Firestik CB and Radio Antenna Cowl Set Up

B

Bernie

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Good choice on the radio. The Cobra 29 is a good, dependable rig.

Firestick also makes a darn good antenna, but we need to talk some about your choice of mounting it. First, with antennas in general, longer is better (with some exceptions that mostly don't apply to CB anyway) but don't just go by the physical length, also look at the electrical length. The electrical length will usually be expressed in a fraction of a wavelength and, bigger is generally better.

So, take two 36" antennas, both fiberglass wirewound, and one is 1/2 wave while the other is 5/8 wave. The 5/8 wave will be marginally better, but every little bit helps when you're working, as we hams call it, "QRP" (ie: low power).

Now, mounting location...

First off, a CB antenna is not going to function very well as an AM/FM receiver antenna. It will work, just as a coat hanger will work, but the reception will be less than ideal. Second, those "all-in-one" antennas, while they do work, are again, a poor compromise and will be less than ideal for all functions.

(I'll continue this in a few - gotta get the door)
 
B

Bernie

Guest
Okay, continuing about antennas... Just as in real estate, it comes down to location, location, location!

Ideally, for a single CB antenna, you want it as high on the vehicle as you can get it, and as close to the center as possible. The vehicle itself acts as half the antenna system (the "ground plane") and plays a big part in what your radiation pattern is going to look like. Located as I said above, in the center of the vehicle, you'll get a sort of oval pattern, longer towards the front & back, narrower towards the sides. With a CB in flat terrain and good conditions that'll give you a forward and backwards range of about 15-25 miles, and about 5-15 miles to the sides. Moving the antenna adjusts that pattern in such a way that the closer the antenna gets to an "edge" of the vehicle, the shorter the range will be in that direction, and the longer the range will be in the opposite direction. For example, mount it in the center of the tailgate and you'll greatly increase your forward range (probably to about 30-40 miles on flat terrain and in good conditions), greatly shorten you range to the rear (about 3-5 miles) and hardly change to the sides (though the pattern, seen from above, will look somewhat fan shaped, giving the best signal to the sides at about a 45 degree angle left & right of the front of the vehicle). Move it to the front of the hood and the opposite happens. This is why a good setup for highway use is to mount it on the right rear fender. That puts most of your signal ahead and to your left (towards traffic coming the other way, allowing you longer range notice of road conditions ahead) while still giving halfway decent coverage behind you.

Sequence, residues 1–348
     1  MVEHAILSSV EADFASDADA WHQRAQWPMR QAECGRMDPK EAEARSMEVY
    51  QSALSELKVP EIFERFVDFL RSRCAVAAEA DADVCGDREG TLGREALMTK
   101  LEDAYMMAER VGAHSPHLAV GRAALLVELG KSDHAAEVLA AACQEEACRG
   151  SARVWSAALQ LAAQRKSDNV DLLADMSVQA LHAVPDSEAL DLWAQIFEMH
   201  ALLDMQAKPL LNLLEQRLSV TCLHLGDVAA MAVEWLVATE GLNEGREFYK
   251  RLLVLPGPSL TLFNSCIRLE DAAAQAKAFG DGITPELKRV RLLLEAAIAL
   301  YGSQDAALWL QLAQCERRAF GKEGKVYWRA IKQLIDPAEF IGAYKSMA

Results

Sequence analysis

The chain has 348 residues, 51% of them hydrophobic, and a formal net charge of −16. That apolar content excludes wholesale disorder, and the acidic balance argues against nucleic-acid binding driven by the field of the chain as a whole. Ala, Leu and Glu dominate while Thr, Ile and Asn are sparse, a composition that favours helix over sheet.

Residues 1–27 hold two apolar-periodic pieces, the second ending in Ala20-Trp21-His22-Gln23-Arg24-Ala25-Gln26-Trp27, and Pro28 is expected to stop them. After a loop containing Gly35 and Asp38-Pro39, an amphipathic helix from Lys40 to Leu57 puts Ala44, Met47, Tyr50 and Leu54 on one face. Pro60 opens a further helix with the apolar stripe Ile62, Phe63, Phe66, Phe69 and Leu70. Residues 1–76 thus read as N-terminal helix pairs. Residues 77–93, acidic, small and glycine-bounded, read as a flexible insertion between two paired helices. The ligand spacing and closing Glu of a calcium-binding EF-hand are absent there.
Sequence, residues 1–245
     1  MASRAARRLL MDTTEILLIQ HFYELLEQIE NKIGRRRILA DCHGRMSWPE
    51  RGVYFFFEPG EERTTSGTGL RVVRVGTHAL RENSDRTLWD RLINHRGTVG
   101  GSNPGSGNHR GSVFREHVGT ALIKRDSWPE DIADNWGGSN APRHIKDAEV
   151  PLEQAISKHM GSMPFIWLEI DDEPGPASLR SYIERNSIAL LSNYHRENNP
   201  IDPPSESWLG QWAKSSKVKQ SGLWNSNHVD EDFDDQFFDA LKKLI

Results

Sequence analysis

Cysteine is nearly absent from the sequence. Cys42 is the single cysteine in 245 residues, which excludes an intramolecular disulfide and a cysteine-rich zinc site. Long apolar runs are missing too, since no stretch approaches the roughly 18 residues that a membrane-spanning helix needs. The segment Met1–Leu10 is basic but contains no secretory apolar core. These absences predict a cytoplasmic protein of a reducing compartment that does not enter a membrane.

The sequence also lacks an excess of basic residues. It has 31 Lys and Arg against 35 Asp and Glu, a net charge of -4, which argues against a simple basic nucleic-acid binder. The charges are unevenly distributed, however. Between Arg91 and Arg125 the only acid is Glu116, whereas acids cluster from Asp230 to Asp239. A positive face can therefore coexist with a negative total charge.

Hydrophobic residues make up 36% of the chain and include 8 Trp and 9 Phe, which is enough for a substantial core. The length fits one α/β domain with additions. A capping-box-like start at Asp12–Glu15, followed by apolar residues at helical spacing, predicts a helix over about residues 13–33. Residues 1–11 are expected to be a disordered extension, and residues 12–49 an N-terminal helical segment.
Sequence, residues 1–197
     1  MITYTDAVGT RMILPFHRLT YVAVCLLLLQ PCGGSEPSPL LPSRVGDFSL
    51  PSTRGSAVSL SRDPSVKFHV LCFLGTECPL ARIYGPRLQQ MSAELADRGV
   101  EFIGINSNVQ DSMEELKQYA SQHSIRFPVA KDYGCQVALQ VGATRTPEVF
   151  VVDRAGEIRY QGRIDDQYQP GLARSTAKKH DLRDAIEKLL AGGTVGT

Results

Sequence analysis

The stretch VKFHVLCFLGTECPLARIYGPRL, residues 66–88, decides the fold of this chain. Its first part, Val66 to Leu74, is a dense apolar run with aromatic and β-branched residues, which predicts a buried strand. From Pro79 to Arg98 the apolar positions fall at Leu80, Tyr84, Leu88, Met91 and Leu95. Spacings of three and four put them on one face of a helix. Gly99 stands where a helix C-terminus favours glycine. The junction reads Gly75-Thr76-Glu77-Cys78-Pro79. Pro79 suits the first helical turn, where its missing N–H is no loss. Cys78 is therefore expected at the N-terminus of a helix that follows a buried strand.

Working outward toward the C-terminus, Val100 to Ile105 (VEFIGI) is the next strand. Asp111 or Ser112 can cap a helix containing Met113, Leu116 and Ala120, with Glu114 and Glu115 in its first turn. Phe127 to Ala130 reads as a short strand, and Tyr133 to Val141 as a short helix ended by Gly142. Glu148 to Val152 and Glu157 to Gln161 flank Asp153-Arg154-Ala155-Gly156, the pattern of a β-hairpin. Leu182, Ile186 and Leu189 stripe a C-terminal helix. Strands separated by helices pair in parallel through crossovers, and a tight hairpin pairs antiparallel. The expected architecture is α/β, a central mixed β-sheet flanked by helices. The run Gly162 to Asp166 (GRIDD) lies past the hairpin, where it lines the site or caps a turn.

Dual (co-phased) CB antennas are a whole different ballgame, and would require a bigger vehicle than what you have. (Needs a minimum of 8' of separation between them)

My advice? Cab mount (either permanent NMO style mount or a magnetic mount) a single antenna and you'll be good to go.

Other thoughts:

  • No CB antenna is going to survive repeated whacks on tree branches at anything over 20 mph for very long, especially not fiberglass antennas. They tend to snap right off at the base. (I have several here like that if you want to see what I mean)
  • A spring mount will help greatly if you do hit something, but only up to about 35-40 mph
  • A quick disconnect mount, or "foldover" mount (some antennas have it built in) makes car washes and low garages easier to deal with. But for car washes with brushes or anything but "touchless", remove it or lose it, so I strongly recommend either the quick disconnect or a mag mount.
  • That Cobra 29 also receives NOAA weather radio, so you'll need to find a CB antenna that also can receive those frequencies. Not all can. Look for one that says it will receive NOAA or WX frequencies and you'll be okay.
 
B

Bernie

Guest
So I'm kicking around getting a CB for the truck "just because". I'm most likely going with this: